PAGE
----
• Embrace Eccentricity:
Clearly, Santa is eccentric. Any guy who fraternizes with elves and uses as his primary mode of transportation a sleigh guided by reindeer has to fit any reasonable definition of eccentric. On the other hand, inventors could be regarded as eccentric because of its association with genius and creativity. So inventors are already eccentric, just like Santa!
• Have a Jolly Laugh and Show Good Spirit:
As an inventor, you must have a passion for developing your new product idea. It has to be something you really want to do in spite of the risks and potential obstacles. You need to show good spirit, but save your jolly laugh until after you have successfully commercialized your new product idea and have a bank account to support that position. Comedian George Carlin said, “The reason Santa is so jolly is that he knows where the bad girls live.” These people are not part of his target market, but it illustrates the point that you need to understand the demographics of the marketplace you plan to enter. There’s nothing wrong with “laughing all the way to the bank.”
• Search for Alternate Entry Methods, Such as the Chimney:
Look at the marketing situation faced by Santa. He really only has two choices for delivery of presents into a house: down the chimney if the house has one, or through the front door (or a window). If he comes through the front door, he might be spotted by a neighbor or, worse, wake up the dogs that would bark and wake up the household.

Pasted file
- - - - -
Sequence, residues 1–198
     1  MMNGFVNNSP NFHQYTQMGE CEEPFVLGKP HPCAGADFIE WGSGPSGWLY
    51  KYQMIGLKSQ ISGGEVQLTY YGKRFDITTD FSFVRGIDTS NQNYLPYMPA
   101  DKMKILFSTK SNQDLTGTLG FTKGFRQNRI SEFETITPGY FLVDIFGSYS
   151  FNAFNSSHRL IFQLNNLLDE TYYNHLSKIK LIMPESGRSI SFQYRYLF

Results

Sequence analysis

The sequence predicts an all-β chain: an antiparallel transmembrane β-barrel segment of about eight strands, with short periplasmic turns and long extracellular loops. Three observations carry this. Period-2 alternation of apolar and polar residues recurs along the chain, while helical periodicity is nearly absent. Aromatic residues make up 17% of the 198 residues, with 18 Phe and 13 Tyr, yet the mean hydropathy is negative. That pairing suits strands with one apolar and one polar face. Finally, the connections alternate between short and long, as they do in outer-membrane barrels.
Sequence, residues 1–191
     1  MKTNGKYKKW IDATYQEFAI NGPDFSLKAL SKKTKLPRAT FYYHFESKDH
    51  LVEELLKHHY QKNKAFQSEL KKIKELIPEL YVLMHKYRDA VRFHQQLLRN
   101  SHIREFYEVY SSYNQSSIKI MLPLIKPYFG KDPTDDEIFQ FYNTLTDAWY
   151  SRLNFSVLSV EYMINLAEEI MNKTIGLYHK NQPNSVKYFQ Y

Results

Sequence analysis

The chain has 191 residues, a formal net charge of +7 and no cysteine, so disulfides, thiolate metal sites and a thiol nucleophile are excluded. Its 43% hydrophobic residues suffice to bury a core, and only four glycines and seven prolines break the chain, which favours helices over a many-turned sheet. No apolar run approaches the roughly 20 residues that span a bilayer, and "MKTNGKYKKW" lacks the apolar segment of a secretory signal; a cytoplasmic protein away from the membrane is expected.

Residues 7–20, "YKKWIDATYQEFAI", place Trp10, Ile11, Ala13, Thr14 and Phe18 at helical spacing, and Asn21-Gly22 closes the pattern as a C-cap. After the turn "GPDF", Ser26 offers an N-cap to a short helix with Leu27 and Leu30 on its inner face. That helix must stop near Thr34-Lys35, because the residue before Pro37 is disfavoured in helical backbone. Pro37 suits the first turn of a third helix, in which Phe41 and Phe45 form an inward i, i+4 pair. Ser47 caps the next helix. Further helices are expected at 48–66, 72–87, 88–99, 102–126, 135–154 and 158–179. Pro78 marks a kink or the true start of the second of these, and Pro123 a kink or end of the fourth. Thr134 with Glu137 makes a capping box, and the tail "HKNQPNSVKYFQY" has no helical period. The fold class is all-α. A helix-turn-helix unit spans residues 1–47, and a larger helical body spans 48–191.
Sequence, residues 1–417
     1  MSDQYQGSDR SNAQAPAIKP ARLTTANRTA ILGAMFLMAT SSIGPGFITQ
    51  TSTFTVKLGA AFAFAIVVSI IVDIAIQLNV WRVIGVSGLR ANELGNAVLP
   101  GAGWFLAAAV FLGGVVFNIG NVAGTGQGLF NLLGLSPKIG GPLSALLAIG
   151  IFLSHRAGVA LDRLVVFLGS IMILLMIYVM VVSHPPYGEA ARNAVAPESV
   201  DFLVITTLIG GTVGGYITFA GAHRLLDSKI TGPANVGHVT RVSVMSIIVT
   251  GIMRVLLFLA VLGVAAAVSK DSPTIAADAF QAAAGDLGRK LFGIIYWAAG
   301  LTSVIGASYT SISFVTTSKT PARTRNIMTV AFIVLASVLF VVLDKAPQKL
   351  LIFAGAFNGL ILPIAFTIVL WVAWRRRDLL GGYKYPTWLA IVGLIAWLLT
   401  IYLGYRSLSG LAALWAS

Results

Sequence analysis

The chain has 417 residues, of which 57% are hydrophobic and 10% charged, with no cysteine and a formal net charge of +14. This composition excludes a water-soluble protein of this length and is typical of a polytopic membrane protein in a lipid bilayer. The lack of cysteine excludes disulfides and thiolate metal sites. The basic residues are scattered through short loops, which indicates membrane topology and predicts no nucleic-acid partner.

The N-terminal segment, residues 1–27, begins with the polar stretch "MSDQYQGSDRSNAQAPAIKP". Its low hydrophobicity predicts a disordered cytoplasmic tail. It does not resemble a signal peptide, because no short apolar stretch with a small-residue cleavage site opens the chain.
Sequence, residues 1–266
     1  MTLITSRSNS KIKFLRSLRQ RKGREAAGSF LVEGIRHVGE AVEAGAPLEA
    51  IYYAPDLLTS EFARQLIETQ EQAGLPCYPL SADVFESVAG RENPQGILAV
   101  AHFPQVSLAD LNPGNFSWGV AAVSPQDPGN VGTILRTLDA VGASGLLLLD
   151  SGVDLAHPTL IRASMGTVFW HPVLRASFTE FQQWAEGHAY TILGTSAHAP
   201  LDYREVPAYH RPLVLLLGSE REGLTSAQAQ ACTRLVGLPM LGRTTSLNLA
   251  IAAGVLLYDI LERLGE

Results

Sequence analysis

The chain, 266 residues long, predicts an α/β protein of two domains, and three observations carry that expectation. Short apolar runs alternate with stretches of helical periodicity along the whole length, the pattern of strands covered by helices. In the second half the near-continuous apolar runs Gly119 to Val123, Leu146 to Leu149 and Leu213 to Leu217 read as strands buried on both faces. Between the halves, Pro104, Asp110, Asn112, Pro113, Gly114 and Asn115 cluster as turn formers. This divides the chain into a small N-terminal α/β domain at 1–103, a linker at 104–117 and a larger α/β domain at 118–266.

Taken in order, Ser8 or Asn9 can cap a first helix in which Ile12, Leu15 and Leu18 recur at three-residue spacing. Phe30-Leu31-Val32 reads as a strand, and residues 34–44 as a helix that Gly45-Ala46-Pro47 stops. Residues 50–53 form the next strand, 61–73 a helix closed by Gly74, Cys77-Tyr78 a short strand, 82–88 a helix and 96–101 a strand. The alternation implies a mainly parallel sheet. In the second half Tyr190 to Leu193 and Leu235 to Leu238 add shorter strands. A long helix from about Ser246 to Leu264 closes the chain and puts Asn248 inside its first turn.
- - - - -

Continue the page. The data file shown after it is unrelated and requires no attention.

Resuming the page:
As an inventor, you also need to identify and describe any barriers to entry into your target market and, if there are any, determine how these apply to you and what steps you need to take to overcome them. However, you potentially have more options than Santa to enable you to market and sell your new product. Examples would include through distributors, directly to consumers, internet advertising, major retailers, infomercials, etc. As in the case of Santa, you will need a plan and strategy for doing this.
• Enable the Dreams of Others:
Santa Claus is all about dreams, delivering presents to all well-behaved girls and boys around the globe. This is similar to the objective of inventors—that is, to deliver a solution to a problem that meets an unmet need for which many people may dream of a solution, and hopefully with at least enough such dreamers to make the new invention commercially viable. Remember that customers spend money because they believe that what they buy can solve their problems, fulfill their needs or satisfy their desires. In order to be successful in the marketplace, you must have a value proposition that captures both the unique value that your invention idea presents and enables a customer to see past the competition and choose you.
There’s much to be learned from Santa Claus’s approach to commercializing his services. He has to have been inventive, or how else could he have met such challenging performance delivery requirements? Besides, he’s been doing this successfully for a long time.